Protesters and police have made a breakthrough aimed at resolving a five-day standoff that clogged up cross-border traffic at the main United States border crossing in southern Alberta.
Chad Williamson, a lawyer representing truckers blocking access to the crossing at Coutts, Alta., said Wednesday they have spoken with RCMP and agreed to open a lane of the highway in each direction.
Demonstrators began opening the lanes in the early afternoon, tires grinding on the hard packed snow and ice of Highway 4 as they departed.
“The truckers finally feel like their message has been heard,” Williamson said in an interview.
“In a tremendous show of good faith, they are reopening one lane each way to provide unimpeded access through the town of Coutts and across the border in both ways.”
“That doesn’t mean the protest is over, but it signals what we hope to be ongoing cordial efforts to address the concerns of the people who have been involved in the movement down here in Coutts.
“Obviously enforcement is not the way that anyone wanted this to go.”
RCMP Cpl Curtis Peters said there are indications the open lanes may be temporary.
“We are just continuing to monitor and engage in dialogue with the protest group, or the reported organizers or leaders of it, in an effort to continue moving towards a complete reopening of the highway,” he said.
Demonstrators began parking their trucks and other vehicles near the crossing on Saturday in solidarity with similar events in Ottawa and countrywide to protest COVID-19 vaccine mandates and broader public health measures.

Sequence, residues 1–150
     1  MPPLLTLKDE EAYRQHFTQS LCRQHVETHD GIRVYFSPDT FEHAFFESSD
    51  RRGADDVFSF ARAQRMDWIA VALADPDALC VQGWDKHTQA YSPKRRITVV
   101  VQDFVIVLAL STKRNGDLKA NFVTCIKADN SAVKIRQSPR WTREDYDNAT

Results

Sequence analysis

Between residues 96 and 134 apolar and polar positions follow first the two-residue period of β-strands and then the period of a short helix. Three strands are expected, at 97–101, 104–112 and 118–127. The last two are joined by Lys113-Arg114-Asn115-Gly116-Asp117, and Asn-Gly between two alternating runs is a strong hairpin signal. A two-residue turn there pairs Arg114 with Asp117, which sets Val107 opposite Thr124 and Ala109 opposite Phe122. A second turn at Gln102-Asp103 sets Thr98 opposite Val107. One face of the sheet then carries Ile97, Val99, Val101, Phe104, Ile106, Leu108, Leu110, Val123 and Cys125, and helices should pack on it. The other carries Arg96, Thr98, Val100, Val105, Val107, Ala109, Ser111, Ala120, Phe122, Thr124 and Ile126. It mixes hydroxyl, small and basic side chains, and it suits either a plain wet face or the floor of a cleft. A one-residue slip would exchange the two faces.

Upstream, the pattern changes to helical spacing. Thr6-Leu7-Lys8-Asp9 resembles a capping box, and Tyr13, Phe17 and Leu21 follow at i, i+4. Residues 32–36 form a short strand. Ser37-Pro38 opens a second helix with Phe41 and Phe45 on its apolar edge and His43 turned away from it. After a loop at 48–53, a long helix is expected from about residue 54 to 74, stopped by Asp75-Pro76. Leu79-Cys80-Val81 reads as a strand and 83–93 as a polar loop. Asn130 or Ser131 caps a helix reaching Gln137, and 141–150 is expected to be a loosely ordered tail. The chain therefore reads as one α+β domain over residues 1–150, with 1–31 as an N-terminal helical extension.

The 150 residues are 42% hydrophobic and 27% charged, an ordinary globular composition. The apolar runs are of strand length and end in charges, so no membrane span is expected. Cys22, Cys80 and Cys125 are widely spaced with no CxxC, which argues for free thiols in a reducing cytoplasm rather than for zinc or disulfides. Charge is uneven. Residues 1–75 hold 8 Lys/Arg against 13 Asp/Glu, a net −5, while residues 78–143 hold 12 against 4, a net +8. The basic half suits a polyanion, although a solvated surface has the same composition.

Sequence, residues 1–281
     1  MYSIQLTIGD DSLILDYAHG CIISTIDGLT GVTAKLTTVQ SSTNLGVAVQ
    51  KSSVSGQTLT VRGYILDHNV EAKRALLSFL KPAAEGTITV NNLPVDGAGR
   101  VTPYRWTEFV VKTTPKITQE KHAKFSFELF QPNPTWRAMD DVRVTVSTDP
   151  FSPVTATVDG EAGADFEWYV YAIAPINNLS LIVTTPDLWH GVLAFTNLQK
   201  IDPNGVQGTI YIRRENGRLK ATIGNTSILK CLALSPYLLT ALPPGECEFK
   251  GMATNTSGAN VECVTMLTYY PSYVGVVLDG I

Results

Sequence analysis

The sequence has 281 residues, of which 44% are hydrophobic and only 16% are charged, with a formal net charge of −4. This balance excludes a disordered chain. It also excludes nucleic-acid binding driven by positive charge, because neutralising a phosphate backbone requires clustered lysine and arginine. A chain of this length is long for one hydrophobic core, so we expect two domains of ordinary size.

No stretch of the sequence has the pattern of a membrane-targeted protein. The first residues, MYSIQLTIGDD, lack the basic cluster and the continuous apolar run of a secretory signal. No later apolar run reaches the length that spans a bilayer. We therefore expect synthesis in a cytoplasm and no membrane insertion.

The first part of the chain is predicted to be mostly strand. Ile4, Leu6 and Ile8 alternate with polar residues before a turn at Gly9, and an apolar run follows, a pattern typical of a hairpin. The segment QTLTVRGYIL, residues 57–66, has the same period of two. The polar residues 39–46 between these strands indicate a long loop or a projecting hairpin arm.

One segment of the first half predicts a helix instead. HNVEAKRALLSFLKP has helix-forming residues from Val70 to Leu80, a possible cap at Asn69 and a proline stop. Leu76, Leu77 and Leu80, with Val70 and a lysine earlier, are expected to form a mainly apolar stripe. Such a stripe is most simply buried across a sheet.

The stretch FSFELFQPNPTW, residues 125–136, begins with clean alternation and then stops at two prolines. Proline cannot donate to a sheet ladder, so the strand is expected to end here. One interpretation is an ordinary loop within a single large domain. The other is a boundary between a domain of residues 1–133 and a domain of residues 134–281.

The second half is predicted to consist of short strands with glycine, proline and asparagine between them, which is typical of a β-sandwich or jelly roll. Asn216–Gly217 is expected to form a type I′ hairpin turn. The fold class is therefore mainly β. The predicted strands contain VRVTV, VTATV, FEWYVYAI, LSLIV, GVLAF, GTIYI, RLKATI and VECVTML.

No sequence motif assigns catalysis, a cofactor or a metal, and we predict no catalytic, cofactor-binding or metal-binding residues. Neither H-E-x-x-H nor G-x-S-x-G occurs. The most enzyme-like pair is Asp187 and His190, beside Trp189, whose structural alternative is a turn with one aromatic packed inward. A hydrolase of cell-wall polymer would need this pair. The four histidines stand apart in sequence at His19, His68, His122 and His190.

The impasse stranded travellers and cross-border truckers for days, compromising millions of dollars in trade and impeding access to basic goods and medical services for area residents.
On Tuesday, some demonstrators departed the blockade after Mounties announced that negotiations to end the standoff had failed and they were prepared to make arrests and tow vehicles.
That threat, however, appeared to ignite chaos. Some protesters breached a police barrier to join the blockade. Tractors also weaved by RCMP vehicles and into ditches with Canadian flags ripping in the wind.
Two vehicles crashed head on, resulting in an assault, but police reported no significant injuries.
Late Tuesday afternoon, Alberta Premier Jason Kenney told reporters he had been briefed that Mounties were being “swarmed” and assaulted and there had been an attempt to ram a police cruiser.
RCMP have not confirmed Kenney’s statement and the premier’s office declined to say where or how it received such information.
On Wednesday, just north of Coutts, there were 20 police cruisers lined up fender to fender across both lanes and the median, accompanied by a similar number of uniformed officers, facing a growing line up of protesters in vehicles still seeking to join the main blockade.
One of those in the lineup was Jolene, who was sitting in her vehicle with her young daughter.
She declined to give her last name.
“Right now, we are just holding the line. “We’re fighting for Canada’s freedoms,” she sai.
“I want my children to have a future. There’s getting to be so many rules where there’s just one switch flipped and all of a sudden, you don’t have choices as a Canadian anymore. That is scary to me.
“I believe all (COVID-related) mandates need to be totally removed.”
Coutts Mayor Jim Willett has called for the protest to end, saying it was cutting off village residents from medical services, mail delivery and other basic needs.
RCMP have said some protesters have gone to Willett’s home to take photos and wave through the windows.
“It’s not a big deal,” Willett said Wednesday, adding he doesn’t want the attention on him, but on the hardship faced by Coutts residents.
“The people on the highway all upset about rights and freedoms don’t realize that they have taken away a lot of those rights and freedoms from the 250 that are living here,” he said.
— Alanna Smith, The Canadian Press